Francie Larrieu Smith
Frances Anne "Francie" Larrieu Smith (November 23, 1952 in Palo Alto, California) is an American track and field athlete. She was the flagbearer at the 1992 Summer Olympics in Barcelona for the United States of America. Larrieu Smith was the third female American athlete to make five American Olympic teams, behind the six of fencer Jan York-Romary and Track and Field's Willye White. The feat was later equaled by basketball player Teresa Edwards, track and field's Gail Devers, cyclist/speedskater Chris Witty and swimmer Dara Torres. After one of the longest elite careers on record, she has retired from that level of competition.
She won a World Road Race Championships silver medal at 15 km in 1990. She is also a former world indoor record holder at the mile. She holds the Texas Relays Women's Invitational Record for both the 1,500 meters and 10,000 meters, set in 1983 and 1991, respectively.
Early life and careerEdit
She is the younger sister of the American Olympic distance runner Ron Larrieu. She started running at age 13 and ran for the San Jose Cindergals, one of the first youth track clubs for women. She attended Fremont High School in Sunnyvale, California, graduating in 1970 before any school in California had a women's track team. She attended California State University, Long Beach, and UCLA. Starting with the 1500 meter title in 1970 at age 17, Larrieu won 21 National Championships and set 13 world indoor records and 35 American records in her career. At the U.S./USSR indoor meet in 1975, she ran 4:28.5 for the mile run, indoors, which bettered the standing outdoor World Record at the time. Her still standing 1974 meet record in the Mile at the Mt. SAC Relays has stood for over 40 years.
She is notable for one of the longest distance running careers, beginning with the 1972 Olympics as a 19-year-old running the 1500 metres, then the longest distance race for women, and again in the 1976 Olympics. She also qualified for the 1980 Summer Olympics but did not participate because of the 1980 Summer Olympics boycott. Her best performance was when she finished 5th in the Women's 10000 metres in 1988 Summer Olympics in Seoul. Her final appearance was finishing 12th in the marathon in the 1992 Summer Olympics in Barcelona where, as the elder stateswoman of American track and field at age 39, she was selected to be the flagbearer in the opening ceremonies. She was the youngest female 1500 meter runner the U.S. has ever sent to the Olympics and the oldest female in any track and field event.
She was elected into the National Track and Field Hall of Fame in 1998. She was inducted into the National Distance Running Hall of Fame in 1999. Runner's World magazine named her "The Most Versatile runner of the Quarter Century". Smith was Inducted into the Texas Track and Field Coaches Association Hall of Fame, Class of 2017.
- 6-Times US 1500 m Champion (1972, 1973, 1976, 1977, 1979 & 1980)
- Recipient of one of 461 Congressional Gold Medals created especially for athletes who were prevented from competing in the 1980 Summer Games.
- 2-Time US 3000 m Champion (1979, 1982)
- US 10,000 m Champion (1985) - also won the 1985 US 10 km road title (tied with Betty Springs)
- 4 Times US Indoor 1 mile Champion (1975, 1977, 1978, 1979)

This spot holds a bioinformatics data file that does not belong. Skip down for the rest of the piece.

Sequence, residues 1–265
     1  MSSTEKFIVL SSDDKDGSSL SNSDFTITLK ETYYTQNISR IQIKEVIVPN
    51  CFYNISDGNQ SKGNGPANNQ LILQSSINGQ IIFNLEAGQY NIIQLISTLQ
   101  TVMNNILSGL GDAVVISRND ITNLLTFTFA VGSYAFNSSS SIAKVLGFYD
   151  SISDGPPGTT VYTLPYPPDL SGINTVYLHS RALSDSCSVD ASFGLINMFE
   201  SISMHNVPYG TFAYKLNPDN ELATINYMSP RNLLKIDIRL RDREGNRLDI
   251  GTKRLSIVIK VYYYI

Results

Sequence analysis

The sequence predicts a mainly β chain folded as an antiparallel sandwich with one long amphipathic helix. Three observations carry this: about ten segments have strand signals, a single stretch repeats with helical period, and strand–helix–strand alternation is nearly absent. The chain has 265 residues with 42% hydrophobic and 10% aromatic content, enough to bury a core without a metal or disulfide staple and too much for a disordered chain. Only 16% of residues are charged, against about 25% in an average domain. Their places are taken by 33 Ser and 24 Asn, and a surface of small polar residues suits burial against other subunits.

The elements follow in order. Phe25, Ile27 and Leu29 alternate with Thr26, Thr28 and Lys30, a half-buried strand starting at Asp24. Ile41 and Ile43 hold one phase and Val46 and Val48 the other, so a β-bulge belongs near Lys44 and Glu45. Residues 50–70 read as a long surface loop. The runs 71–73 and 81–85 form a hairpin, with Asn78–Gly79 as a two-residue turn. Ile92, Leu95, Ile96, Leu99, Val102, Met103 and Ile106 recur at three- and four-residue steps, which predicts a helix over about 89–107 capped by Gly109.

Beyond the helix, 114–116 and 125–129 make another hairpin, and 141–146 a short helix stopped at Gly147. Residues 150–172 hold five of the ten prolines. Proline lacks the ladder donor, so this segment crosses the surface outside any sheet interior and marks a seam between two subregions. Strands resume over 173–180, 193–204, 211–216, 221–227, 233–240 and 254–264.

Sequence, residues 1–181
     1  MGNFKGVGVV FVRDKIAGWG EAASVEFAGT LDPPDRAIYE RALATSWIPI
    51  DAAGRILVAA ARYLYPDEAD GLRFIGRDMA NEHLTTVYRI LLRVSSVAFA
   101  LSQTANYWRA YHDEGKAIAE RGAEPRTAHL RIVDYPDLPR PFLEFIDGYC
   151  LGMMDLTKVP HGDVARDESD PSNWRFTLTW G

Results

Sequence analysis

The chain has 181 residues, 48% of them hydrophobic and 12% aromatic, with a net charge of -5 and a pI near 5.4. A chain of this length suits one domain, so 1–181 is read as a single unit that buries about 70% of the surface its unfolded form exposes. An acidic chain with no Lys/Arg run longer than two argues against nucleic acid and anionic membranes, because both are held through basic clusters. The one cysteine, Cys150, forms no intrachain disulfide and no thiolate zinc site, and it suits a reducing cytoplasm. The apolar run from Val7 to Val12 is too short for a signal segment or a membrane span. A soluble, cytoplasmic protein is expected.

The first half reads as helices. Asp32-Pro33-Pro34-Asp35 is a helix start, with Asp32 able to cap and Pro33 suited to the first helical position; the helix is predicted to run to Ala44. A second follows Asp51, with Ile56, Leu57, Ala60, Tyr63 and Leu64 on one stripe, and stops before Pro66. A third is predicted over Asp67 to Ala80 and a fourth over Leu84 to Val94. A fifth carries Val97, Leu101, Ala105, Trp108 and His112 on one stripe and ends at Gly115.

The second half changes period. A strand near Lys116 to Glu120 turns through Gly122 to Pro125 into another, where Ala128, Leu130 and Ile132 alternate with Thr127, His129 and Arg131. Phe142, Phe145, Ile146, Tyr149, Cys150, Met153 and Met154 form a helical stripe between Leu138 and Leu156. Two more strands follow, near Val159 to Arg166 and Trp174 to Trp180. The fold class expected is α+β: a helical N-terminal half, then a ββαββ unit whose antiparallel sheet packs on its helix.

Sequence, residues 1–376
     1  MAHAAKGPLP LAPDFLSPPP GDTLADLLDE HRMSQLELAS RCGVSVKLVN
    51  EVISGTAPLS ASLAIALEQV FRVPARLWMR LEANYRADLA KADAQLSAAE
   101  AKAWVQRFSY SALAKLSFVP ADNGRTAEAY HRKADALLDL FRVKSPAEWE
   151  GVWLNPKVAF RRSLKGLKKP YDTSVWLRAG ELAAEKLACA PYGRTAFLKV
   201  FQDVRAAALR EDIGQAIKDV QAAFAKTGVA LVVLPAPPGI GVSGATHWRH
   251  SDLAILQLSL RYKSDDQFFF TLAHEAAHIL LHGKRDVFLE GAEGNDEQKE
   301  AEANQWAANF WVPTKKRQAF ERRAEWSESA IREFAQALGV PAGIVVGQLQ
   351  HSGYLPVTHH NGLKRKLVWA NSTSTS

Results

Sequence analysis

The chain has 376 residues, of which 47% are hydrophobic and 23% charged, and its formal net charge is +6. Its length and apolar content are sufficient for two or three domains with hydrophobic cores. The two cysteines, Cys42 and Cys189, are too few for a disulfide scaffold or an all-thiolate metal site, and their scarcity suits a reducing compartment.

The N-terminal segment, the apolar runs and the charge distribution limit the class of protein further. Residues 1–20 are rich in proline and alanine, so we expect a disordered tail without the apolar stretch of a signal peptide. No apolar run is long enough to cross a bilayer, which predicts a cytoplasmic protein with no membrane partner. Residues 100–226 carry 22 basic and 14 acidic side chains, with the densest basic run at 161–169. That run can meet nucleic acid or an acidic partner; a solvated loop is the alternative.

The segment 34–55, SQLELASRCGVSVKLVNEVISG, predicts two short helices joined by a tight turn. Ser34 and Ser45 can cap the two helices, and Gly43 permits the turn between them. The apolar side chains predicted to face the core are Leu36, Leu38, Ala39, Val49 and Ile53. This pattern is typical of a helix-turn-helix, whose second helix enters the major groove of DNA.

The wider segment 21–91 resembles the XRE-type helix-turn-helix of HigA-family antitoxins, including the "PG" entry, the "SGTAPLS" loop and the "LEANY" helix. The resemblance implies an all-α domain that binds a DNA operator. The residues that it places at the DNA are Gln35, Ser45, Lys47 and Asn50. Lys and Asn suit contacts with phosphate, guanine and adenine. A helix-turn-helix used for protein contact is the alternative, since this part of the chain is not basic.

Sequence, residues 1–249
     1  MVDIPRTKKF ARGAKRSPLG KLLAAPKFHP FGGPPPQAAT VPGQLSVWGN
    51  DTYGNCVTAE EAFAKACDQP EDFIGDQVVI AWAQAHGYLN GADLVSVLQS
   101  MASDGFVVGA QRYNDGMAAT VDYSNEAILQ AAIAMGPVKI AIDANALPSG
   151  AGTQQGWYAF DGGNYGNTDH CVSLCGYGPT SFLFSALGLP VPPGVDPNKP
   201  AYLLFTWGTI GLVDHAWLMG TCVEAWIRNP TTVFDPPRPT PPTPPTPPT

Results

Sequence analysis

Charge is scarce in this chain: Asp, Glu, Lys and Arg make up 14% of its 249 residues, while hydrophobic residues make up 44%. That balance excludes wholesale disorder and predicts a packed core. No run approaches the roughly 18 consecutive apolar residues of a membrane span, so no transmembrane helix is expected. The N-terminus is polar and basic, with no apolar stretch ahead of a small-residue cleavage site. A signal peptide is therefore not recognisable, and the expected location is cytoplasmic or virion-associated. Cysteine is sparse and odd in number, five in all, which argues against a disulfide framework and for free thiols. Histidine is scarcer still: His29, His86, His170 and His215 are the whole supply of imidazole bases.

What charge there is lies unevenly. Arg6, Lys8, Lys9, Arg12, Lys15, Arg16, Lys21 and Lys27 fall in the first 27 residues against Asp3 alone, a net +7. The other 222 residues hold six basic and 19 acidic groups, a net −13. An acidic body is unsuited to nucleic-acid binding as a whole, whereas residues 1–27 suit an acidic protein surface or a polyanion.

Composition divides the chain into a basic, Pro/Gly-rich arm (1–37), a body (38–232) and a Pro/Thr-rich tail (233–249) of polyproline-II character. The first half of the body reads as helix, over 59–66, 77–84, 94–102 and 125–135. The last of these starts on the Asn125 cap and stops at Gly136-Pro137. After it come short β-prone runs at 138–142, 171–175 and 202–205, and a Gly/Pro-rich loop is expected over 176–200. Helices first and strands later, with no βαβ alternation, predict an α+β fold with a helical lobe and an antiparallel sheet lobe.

- 2 Time US Indoor 2 mile Champion (1977, 1981)
- Qualified for 5 US Olympic teams (1972, 1976, 1980, 1988, 1992) prevented from competing in 1980, due to the Olympic boycott by the U.S.
- Inducted into the Texas Track and Field Coaches Association Hall of Fame, Class of 2017
|Representing the United States|
|1972||Olympic Games||Munich, Germany||semi-final||1500 m||4:15.26|
|1976||Olympic Games||Montreal, Canada||semi-final||1500 m||4:09.07|
|1977||IAAF World Cup||Düsseldorf, Germany||2nd||1500 m||4:13.0|
|1979||IAAF World Cup||Montreal, Canada||3rd||1500 m||4:09.16|
|1986||Houston Marathon||Houston, United States||2nd||Marathon||2:33:37|
|1987||World Championships||Rome, Italy||15th||10,000 m||32:30.00|
|1988||Olympic Games||Seoul, South Korea||5th||10,000 m||31:35.52|
|1990||London Marathon||London, United Kingdom||2nd||Marathon||2:28:01|
|World Women's Road Race Championships||Dublin, Ireland||2nd||15 km||50:15|
|1992||Houston Marathon / US Women's Olympic Trial||Houston, United States||3rd||Marathon||2:30:39|
|Olympic Games||Barcelona, Spain||12th||Marathon||2:41:09|
- "Team USA Media Guide | History: Individual Records (Overall) - U.S". London2012.visionbox.com. Archived from the original on 2013-10-20. Retrieved 2013-10-20.
- Southwestern University: Cross Country: Coaching Staff
- "Francine Larrieu (Smith)". USATF Hall of Fame. Archived from the original on 2019-07-12. Retrieved 2010-05-04.
- "Hickoksports". Archived from the original on 2010-05-09. Retrieved 2010-05-04.
- Moore, Kenny. "A Long Run Gets Longer". Magazine article. Sports Illustrated. Retrieved 3 January 2012.
- "Archived copy". Archived from the original on 2016-01-19. Retrieved 2015-10-26.CS1 maint: archived copy as title (link)
- Caroccioli, Tom; Caroccioli, Jerry. Boycott: Stolen Dreams of the 1980 Moscow Olympic Games. Highland Park, IL: New Chapter Press. pp. 243–253. ISBN 978-0942257403.
- "Archived copy". Archived from the original on 2017-01-16. Retrieved 2017-01-15.CS1 maint: archived copy as title (link)
- California State Records before 2000
- Francie Larrieu-Smith at Olympics at Sports-Reference.com (archive)
- Francie Larrieu-Smith at the International Olympic Committee
| Flagbearer for the United States